Released late in 2018, Fallible Justice, by Laura Laakso, is still one of the best urban fantasy novels I’ve read. Ever. As such, I thought it the perfect book to be the first review to go on to the Strange Angel website.
It was Laasko’s debut novel and is the first in an excellent series that now runs to four novels. I’m such a big fan, it’s on my list of must-read urban fantasy novels.
Fallible Justice Summary
A paranormal crime drama set in Old London, where the magical rub shoulders with normal humanity. Private investigator Yannia Wilde is tasked to clear a man of murder. The problem being that an infallible Herald of Justice has declared him guilty.
Yannia is one of the ‘Wilde folk’ who has left her rural community to live in London. She is aided by Karrion, a bird shaman who acts as her apprentice.
As they work together on their impossible task, they guide the reader through a world of Fey, Mages and Shaman.
Fallible Justice is a unique novel and one that announces its author as a rare talent. Below are some of the aspects of the work that make the novel such a fine read:
Clever world building
When introducing a fantasy world, it’s easy for the author to fall into the trap of giving too much exposition. Instead, Laasko is subtle in her introduction of the different rules, customs and characters of Old London.
Each new aspect of the world is only released as it pertains to the story or the character. The reader never feels lost in this world, but it still retains its mystery.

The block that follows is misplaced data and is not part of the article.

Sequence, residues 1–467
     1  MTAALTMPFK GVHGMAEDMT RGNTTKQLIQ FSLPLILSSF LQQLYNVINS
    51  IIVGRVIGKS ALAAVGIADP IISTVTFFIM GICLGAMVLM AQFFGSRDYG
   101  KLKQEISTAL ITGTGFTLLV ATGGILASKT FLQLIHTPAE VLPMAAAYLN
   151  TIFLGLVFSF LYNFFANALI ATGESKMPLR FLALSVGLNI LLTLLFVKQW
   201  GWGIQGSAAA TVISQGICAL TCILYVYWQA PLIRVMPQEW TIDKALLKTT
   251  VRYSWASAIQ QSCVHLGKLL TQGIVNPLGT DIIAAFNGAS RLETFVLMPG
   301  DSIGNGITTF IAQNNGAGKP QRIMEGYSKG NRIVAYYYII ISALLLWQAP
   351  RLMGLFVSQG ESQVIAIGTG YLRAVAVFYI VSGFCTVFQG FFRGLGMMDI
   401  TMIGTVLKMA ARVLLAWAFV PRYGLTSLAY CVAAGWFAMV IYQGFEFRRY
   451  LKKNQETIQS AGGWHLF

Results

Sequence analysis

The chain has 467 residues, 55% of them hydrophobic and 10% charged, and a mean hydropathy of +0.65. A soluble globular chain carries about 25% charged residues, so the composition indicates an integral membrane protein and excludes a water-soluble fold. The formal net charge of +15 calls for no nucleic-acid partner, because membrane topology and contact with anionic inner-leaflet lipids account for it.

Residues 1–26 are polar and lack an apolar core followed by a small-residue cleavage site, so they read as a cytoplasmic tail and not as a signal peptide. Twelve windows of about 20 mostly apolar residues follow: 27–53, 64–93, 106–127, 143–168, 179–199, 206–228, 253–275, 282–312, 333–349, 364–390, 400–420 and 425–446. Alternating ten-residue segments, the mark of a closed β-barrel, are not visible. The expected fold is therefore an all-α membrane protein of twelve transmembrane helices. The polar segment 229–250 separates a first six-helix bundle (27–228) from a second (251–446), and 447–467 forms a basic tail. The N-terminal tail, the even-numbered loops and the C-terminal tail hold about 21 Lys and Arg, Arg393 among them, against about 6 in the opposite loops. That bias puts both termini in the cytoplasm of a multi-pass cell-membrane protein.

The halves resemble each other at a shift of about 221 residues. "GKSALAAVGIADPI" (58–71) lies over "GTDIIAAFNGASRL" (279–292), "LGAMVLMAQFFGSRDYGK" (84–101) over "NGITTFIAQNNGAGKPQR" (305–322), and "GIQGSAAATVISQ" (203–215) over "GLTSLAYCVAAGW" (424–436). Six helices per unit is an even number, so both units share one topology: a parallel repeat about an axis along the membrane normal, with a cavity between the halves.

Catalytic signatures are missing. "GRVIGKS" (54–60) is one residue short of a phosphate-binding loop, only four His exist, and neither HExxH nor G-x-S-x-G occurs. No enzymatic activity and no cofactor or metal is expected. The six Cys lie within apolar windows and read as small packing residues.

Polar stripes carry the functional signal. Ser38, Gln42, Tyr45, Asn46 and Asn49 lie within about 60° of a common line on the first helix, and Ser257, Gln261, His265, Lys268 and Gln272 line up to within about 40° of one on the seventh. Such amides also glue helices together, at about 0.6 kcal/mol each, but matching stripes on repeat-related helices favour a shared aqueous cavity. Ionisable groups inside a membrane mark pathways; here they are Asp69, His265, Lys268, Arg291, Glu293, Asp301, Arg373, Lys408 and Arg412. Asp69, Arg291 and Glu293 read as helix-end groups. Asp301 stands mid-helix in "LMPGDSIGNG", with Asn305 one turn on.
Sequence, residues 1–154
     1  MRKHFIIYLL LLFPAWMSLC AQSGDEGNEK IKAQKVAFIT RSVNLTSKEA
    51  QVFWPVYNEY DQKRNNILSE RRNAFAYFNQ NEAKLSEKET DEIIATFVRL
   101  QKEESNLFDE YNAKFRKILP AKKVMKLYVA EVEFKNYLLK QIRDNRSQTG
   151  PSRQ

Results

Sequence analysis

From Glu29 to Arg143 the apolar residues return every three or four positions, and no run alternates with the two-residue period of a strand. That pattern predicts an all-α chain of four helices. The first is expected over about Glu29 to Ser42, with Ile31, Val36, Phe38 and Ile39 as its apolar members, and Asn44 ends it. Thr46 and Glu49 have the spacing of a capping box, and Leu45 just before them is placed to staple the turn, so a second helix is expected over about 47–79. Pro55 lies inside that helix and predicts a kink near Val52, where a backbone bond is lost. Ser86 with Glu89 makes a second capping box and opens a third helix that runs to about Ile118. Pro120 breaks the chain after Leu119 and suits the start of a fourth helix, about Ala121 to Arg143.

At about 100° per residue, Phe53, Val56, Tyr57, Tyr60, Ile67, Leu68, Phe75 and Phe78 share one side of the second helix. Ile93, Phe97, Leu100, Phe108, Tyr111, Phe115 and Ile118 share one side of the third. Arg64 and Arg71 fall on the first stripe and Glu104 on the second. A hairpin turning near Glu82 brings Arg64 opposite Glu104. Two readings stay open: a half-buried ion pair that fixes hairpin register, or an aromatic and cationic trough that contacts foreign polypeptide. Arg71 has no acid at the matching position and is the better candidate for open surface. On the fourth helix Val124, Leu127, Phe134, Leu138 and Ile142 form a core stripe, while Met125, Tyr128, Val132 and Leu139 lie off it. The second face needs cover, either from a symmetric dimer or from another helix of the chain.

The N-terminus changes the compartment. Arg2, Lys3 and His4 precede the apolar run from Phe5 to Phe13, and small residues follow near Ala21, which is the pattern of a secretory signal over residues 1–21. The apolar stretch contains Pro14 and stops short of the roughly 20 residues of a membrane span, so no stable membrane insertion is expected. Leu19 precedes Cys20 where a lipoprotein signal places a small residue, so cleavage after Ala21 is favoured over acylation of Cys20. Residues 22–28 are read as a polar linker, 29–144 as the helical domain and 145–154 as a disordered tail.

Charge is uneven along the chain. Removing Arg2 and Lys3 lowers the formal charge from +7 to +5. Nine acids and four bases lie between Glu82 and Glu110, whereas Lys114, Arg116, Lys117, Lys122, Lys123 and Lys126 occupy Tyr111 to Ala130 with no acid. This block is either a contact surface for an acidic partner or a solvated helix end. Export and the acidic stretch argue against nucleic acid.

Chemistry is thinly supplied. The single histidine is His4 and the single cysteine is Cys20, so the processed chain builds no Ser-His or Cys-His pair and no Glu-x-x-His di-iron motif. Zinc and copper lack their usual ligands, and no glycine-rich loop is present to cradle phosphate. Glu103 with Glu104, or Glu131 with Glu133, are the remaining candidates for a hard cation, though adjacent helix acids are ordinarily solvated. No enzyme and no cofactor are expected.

Poetic writing style
‘I am running through the wilderness and the wilderness runs through me.’
The above is a good example of Laasko’s righting style. It’s direct, yet magical. The author mixes short staccato sentences with occasional florid touches. Presenting an Old London that feels as real as London itself yet, at the same time, completely magical.
Yannia: An intriquing detective
Yannia is not a hard-bitten noir detective in the mould of Philip Marlowe or even the standard urban fantasy variation on this trope, like Phillip Dresden. She has hints of a dark past, a past she carries with her, but it does not define her. Nor has it made her misanthropic.
She is also dealing with a medical condition that causes her great pain. Throughout the novel, Yannia struggles through this as well as the other obstacles in her way. Living her life and doing her job despite all of the forces against her.
An interesting depiction of magic
Writing about magic is tough to get right. Make it too unfathomable, and it becomes an annoying dues E machina. Where the characters use it to get themselves out of any fix the writer wants them to. Be too proscribed and it becomes boring.
Fallible Justice treads this fine line beautifully. The magic is otherworldly and beyond our ken. Yet there are rules and regulations about its use, both in the sense that magic has its limits and that the laws of the land regulate magic users.
Fallible Justice is a crime drama. So the mystery must keep the reader engaged and keeps them thinking.
It’s a fair criticism to say that the underlying mystery isn’t the most complex. Yet Laasko adds enough subterfuge and intrigue to keep the reader turning the pages throughout.
All in all, Fallible Justice is one of the best, yet under-appreciated novels in the urban fantasy Genre. If you haven’t read it, rejoice, because you have a treat ahead of you.